The advanced resin contains 2.84% bromine by weight and has an epoxide equivalent weight of about 746, as measured by titration. Its melting point (endotherm minimum) is 58.4° C. by differential scanning calorimetry (DSC).

The advanced resin is used as a tackifier to make laminated preforms. Eight pieces (plies) of AW370-8H AS4-W carbon fiber reinforcing fabric (Hercules Aerospace) are cut from a bulk roll into squares measuring 8" (203.2 mm) on a side. A mixture containing about 9.3 grams of the advanced epoxy resin, 0.6 grams of Catalyst B and 0.1 grams of Catalyst C is sprinkled on each ply in an even coat at a concentration of about 2% by weight. The plies are placed in a hot-air circulation oven for 1 minute at 200° F. (93° C.) in order to melt the mixture, and adhere it to each ply. The plies are then removed from the oven and allowed to cool to ambient temperature.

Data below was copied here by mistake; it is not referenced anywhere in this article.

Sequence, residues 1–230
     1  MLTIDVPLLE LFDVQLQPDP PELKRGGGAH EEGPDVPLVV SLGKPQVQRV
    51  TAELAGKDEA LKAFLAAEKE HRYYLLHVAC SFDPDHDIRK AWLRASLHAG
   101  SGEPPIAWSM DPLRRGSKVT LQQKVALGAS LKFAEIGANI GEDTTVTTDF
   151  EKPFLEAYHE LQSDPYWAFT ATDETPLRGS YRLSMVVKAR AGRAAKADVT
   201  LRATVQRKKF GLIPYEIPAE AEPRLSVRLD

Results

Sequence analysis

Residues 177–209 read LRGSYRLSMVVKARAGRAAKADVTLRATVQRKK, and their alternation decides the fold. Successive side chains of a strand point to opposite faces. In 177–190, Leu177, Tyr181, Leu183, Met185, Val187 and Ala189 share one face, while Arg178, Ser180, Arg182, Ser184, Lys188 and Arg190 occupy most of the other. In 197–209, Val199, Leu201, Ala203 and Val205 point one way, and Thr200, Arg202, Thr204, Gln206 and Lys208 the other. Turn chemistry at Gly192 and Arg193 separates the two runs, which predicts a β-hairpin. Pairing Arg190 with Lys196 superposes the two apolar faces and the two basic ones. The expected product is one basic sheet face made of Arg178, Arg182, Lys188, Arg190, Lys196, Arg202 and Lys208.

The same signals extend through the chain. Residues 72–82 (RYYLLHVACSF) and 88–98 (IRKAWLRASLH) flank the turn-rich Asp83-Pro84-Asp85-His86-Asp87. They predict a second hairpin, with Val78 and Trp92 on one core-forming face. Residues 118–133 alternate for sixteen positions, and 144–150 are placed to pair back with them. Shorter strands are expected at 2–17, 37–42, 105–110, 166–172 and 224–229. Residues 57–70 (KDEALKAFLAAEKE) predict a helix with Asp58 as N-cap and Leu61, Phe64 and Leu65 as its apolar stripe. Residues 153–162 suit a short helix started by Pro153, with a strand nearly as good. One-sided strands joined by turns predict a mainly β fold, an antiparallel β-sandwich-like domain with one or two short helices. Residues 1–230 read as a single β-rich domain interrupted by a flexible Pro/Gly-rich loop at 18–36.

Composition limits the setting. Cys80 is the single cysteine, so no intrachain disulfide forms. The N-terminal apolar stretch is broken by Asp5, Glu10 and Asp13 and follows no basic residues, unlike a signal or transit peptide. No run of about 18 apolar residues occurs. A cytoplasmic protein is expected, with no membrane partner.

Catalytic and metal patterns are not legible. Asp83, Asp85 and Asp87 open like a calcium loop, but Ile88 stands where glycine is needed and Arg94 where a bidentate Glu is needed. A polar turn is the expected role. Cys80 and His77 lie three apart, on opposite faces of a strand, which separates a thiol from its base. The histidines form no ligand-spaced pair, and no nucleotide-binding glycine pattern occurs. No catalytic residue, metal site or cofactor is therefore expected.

The plies are stacked treated side up and heated for about 30 minutes at 250° F. (121° C.) under vacuum of 737 mmHg in a vacuum bagging apparatus, then cooled to room temperature. The resulting preform measures about 0.15 inch in thickness and is quite stiff to the touch. The individual plies are strongly adhered to one another due to the partial reaction of the binder mixture. Experimental peel strength measurements show that the partially cured preform has three times the peel strength of uncured preforms.

The laminated preform is used to make a composite. The laminated preform is placed in a metal cavity mold having dimensions 15"W×20"L×1/8"T (381 mm×508 mm×3.2 mm) when closed. Openings in the mold can be used to pump resin into the mold and allow matter to flow out of the mold. The closed mold is heated to 140° F. (60° C.). A mixture of Epoxy Resin A (1100 grams) and Curing Agent A (192.5 grams, 17.5 phr) at 120° F. (49° C.) is introduced into the mold cavity under 10 psi nitrogen atmosphere. A 70 mL portion of resin is collected from exit valves in the mold. The exit valves are closed and then the pressure on the resin is increased to 60 psi. The mold temperature is increased to 350° F. (177° C.) at 2° C. per minute and held at 350° F. for 30 minutes in order to cure the injected resin mixture. The mold is cooled to 140° F. (60° C.) at 3° C. per minute and then the cured composite is removed.

Example 2

Synthesis of Composite Using Advanced BMI Tackifier Compound